Brexit News: How the EU is pushing Switzerland to return to the results of the referendum | United Kingdom | News | Instant News


In 1992, 24 years before Britain would have the same vote, Switzerland held a referendum to decide whether the country should join the European Economic Area. The Swiss government has begun the application process for EU membership that year, but this plan was canceled by the EEA referendum. The results sent surprises to Brussels and Bern, because 50.3 percent voted against the idea of ​​joining the EEA, leaving European Union hopes for tattered expansion.

Rene Felber, then President of the Federal Council in Bern, said at the time: “This trial has triggered the Swiss Government to suspend applications for EU membership.

“Switzerland has left many political and economic opportunities open by the European Economic Area.

“It has also violated the traditional policy of restoring relations with Europe.

“We have witnessed the rupture of a grave between Federal authorities and the people.

“The division between the French-speaking cantons and all of Switzerland is a big problem.”

However, in a sign of things to come, Jean-Pascal Delamuraz, another member of the seven-person council, warned that European economic integration would go ahead and that Switzerland’s “defection” would result in discrimination, perhaps against its economy.

Although the country was clearly opposed to increasing integration with Europe – Switzerland and the EU began negotiations for special relations outside the EEA in 1994.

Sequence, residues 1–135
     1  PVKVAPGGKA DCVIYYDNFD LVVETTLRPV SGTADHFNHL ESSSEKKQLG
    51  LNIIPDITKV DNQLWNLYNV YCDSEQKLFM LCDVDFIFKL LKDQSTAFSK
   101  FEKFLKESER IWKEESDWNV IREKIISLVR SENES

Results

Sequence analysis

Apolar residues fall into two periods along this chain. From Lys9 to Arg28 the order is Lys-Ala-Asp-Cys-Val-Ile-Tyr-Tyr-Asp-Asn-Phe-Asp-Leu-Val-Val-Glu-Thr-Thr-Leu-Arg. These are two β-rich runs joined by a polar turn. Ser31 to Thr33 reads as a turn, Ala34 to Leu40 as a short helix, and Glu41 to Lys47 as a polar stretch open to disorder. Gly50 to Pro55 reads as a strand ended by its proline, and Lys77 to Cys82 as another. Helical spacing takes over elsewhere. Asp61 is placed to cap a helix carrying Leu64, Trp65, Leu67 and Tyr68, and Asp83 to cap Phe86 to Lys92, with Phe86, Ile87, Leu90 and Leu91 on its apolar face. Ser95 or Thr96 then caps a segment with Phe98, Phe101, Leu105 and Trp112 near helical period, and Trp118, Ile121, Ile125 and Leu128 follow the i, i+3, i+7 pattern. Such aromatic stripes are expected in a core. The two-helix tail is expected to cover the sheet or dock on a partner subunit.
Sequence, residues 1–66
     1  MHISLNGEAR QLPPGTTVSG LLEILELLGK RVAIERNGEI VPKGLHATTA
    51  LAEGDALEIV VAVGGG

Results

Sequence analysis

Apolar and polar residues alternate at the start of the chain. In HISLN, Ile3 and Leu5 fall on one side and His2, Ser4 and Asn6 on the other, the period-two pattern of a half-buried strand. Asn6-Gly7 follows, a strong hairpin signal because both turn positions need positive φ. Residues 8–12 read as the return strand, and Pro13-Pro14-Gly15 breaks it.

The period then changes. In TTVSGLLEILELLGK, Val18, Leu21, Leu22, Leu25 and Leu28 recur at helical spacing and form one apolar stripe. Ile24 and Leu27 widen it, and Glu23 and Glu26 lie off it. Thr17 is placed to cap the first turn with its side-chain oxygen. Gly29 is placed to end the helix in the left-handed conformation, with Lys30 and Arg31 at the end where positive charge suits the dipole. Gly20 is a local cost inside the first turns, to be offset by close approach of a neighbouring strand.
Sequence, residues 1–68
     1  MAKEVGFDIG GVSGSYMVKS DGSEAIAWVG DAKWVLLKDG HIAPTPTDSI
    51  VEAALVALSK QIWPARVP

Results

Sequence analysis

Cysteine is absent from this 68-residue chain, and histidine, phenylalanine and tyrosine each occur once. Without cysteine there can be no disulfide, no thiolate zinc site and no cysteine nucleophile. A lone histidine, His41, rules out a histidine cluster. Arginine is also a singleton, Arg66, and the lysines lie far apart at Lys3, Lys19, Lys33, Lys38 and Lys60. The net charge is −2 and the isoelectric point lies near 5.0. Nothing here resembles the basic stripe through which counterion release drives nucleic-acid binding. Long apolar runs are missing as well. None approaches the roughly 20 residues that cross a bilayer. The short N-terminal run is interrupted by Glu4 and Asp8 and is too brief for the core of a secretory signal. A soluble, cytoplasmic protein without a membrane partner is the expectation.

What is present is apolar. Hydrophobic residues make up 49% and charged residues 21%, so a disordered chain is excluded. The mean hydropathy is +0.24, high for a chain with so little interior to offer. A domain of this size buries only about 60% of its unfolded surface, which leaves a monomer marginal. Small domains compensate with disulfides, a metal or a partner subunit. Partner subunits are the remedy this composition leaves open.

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In a referendum on 5 June 2005, Swiss voters agreed, with a 55% majority, to join the Schengen Area. This came into force on 12 December 2008.

In 2010, Switzerland collected around 210 trade agreements with the EU.

In 1999, seven years after the EEA vote, Switzerland basically accepted to voluntarily take EU regulations in return for market access.

For Switzerland, it is important that this happens “voluntarily”, so as to respect the results of the referendum, Pieter Cleppe of the Brussels think tank Open Europe said in 2018.

Meanwhile, for the EU, it is important to have some restrictions to avoid weakening countries such as Norway which have agreed to automatically accept EU rules in return for full access.



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